Deadly by Design? Why so many people are hit by cars in Lee County

Published: March 2, 2021 6:00 PM EST
Updated: March 2, 2021 6:43 PM EST

More people died walking down the street last year in Lee County than riding motorcycles. Among the 22 pedestrian lives lost: a 15-year-old who loved the outdoors and aspired to be a mechanic.

Shane MacDonald died in early December while hanging out with some friends near an empty lot behind his Lehigh Acres home.

There are no sidewalks, limited streetlights, and no stop signs on the stretch of roadway where a car hit him.

“Right away somebody should have been out here let’s see about putting more lights up let’s see about doing something making it safer for these children to walk down,” said Marcella Grimm, MacDonald’s grandmother.

Grimm partially blames the infrastructure issues for her grandson’s premature death, but she’s also very angry with the driver who left the scene of the crash. Adrian Zurita, a teenage driver who was coming home from work, now faces criminal charges for hitting MacDonald and his friend for not stopping to call 9-1-1.

MacDonald’s friend survived the crash. Zurita pleaded not guilty He is awaiting trial.

Most drivers in these crashes do not face criminal charges as long as they do not leave the scene because the pedestrian is oftentimes at fault. A WINK News analysis of state crash records for the first three quarters of 2020 showed that the driver was only at fault twice out of 16 fatal accidents.

“Perhaps the pedestrian was in a dark area and darted out into traffic, and that’s unfortunate and we do not want that to happen,” said Lt. Greg Bueno with the Florida Highway Patrol.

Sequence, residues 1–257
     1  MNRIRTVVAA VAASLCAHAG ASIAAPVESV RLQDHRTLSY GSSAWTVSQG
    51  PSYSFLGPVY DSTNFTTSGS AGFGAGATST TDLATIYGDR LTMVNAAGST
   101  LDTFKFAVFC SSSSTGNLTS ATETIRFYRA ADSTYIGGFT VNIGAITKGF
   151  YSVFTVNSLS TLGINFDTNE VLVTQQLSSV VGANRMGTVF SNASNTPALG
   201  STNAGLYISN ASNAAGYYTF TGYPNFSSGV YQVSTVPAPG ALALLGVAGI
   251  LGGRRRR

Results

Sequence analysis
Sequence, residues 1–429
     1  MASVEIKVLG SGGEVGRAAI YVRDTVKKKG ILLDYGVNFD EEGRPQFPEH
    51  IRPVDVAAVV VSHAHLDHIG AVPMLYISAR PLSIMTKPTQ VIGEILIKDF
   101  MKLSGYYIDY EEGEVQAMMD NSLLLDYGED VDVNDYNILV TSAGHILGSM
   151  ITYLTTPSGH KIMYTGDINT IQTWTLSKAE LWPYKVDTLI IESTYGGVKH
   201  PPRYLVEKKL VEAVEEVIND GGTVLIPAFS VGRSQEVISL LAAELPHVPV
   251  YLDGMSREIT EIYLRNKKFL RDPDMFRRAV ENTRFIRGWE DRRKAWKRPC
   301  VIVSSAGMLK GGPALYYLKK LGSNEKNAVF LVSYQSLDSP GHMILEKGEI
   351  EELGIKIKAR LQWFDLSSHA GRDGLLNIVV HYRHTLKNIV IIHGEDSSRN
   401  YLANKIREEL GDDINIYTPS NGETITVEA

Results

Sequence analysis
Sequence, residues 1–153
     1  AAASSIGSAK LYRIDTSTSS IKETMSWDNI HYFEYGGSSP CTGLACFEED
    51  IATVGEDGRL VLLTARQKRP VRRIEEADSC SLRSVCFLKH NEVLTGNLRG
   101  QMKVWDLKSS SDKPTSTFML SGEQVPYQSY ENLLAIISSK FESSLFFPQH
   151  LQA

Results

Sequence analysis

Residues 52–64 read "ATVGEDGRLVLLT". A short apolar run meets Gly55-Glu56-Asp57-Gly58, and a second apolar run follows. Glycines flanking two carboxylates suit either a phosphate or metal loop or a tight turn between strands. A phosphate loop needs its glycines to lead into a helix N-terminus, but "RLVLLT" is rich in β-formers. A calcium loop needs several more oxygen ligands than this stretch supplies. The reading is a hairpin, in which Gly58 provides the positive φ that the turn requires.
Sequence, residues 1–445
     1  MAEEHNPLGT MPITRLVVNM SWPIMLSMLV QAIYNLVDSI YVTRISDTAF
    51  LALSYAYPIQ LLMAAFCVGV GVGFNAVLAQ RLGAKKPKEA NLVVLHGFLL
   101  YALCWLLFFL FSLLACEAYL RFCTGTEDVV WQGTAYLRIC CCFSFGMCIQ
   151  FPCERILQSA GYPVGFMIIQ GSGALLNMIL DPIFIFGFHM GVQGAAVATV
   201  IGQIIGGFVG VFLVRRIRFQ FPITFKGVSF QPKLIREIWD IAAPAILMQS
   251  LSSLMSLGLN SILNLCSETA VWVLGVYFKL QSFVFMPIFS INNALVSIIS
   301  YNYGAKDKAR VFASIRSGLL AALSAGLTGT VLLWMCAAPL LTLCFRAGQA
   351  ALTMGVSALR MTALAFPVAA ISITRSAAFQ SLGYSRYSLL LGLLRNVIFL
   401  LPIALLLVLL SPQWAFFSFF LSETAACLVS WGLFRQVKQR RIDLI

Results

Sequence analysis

FHP does pedestrian and cyclist education in the most common areas for these types of crashes where they discuss the safest ways to cross intersections and hand out bike and backpack lights.

WINK News mapped crash data for 2020 and found hotspots for pedestrian and bicycle crashes along US-41 and Palm Beach Boulevard in Fort Myers and Pine Island Road and Del Prado Boulevard in Cape Coral.

View Lee County 2020 Ped/Bike Crashes in a full-screen map

However, the map shows dozens of pedestrians and cyclists hit within neighborhoods like where MacDonald died. In fact, out of 308 total crashes in the period that WINK News analyzed 143 happened on a local road.

“I think it’s important to remember that these tragedies can happen anywhere,” said Bueno.

But Southwest Florida ranks amongst the most dangerous places in the country for pedestrians and cyclists according to a 2019 report by Smart Growth America, a Washington DC-based transportation advocacy group. The report, “Dangerous by Design“, placed the Cape Coral-Fort Myers metropolitan area as the 8th most dangerous place for walking and cycling.

“Usually out of everybody that are killed on our roads in a year it should be no more than 12 or 15 of them that are non-motorists. But here we’re at 25 to 30 every year. Every year this has been going on for decades,” said Dan Moser a longtime advocate with Bike Walk Lee.

Moser said that it has actually improved since he first started advocating for bicycle and pedestrian safety. He pointed to the Lee County Metropolitan Planning Organization’s complete streets initiative as a success story.

But according to Don Scott, the executive director for the Lee County MPO, too many areas of Southwest Florida were not originally developed with necessary infrastructure, such as sidewalks and bike lanes.

“It’s unfortunate the facilities weren’t built to begin with. Retrofitting after the fact is extremely expensive,” said Scott.

He provided a recent study that estimated it would cost more than $1 billion to add sidewalks to neighborhoods in Cape Coral.

Federal funding is available to use on local roads, but according to Moser, there has to be political-will to dedicate money to those projects.

“It’s mostly now the elected officials that have to change priorities more than anyone else because the engineers and the planners are well aware of what needs to be done,” said Moser.